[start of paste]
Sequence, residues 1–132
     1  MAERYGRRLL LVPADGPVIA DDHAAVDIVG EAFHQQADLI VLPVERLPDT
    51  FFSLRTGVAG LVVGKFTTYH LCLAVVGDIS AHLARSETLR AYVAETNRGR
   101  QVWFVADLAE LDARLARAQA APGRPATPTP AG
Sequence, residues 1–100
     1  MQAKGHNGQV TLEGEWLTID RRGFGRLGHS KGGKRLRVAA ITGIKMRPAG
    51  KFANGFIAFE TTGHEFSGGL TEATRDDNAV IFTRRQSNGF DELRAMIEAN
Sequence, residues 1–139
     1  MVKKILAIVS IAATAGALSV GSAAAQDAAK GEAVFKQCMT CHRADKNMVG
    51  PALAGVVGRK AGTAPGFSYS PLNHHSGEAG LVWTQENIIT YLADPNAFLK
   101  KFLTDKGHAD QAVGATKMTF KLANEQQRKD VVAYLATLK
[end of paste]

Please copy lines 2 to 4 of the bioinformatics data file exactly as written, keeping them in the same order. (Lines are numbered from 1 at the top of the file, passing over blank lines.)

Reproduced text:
     1  MAERYGRRLL LVPADGPVIA DDHAAVDIVG EAFHQQADLI VLPVERLPDT
    51  FFSLRTGVAG LVVGKFTTYH LCLAVVGDIS AHLARSETLR AYVAETNRGR
   101  QVWFVADLAE LDARLARAQA APGRPATPTP AG